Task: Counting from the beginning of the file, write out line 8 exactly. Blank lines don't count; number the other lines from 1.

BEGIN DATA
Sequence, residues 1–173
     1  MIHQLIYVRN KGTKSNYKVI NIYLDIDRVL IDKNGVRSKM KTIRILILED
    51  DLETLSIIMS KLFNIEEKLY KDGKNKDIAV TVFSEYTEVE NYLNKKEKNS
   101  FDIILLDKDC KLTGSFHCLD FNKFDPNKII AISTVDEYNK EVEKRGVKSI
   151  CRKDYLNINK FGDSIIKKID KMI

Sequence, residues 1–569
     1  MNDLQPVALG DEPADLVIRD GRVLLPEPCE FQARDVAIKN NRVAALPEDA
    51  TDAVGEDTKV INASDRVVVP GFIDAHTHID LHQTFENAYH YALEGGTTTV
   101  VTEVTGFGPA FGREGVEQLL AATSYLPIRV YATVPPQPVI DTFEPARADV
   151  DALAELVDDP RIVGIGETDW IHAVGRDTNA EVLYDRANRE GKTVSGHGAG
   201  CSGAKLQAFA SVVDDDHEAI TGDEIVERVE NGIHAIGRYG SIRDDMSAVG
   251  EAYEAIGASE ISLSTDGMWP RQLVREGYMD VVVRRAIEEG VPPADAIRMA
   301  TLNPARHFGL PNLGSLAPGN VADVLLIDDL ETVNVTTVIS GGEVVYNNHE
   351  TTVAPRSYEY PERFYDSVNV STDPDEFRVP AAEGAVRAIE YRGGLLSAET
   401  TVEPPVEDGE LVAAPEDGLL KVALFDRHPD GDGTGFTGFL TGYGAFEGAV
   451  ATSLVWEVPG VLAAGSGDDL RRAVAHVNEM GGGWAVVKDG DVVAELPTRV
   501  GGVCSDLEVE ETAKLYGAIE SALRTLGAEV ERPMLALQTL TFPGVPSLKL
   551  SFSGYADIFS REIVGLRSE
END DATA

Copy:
    51  TDAVGEDTKV INASDRVVVP GFIDAHTHID LHQTFENAYH YALEGGTTTV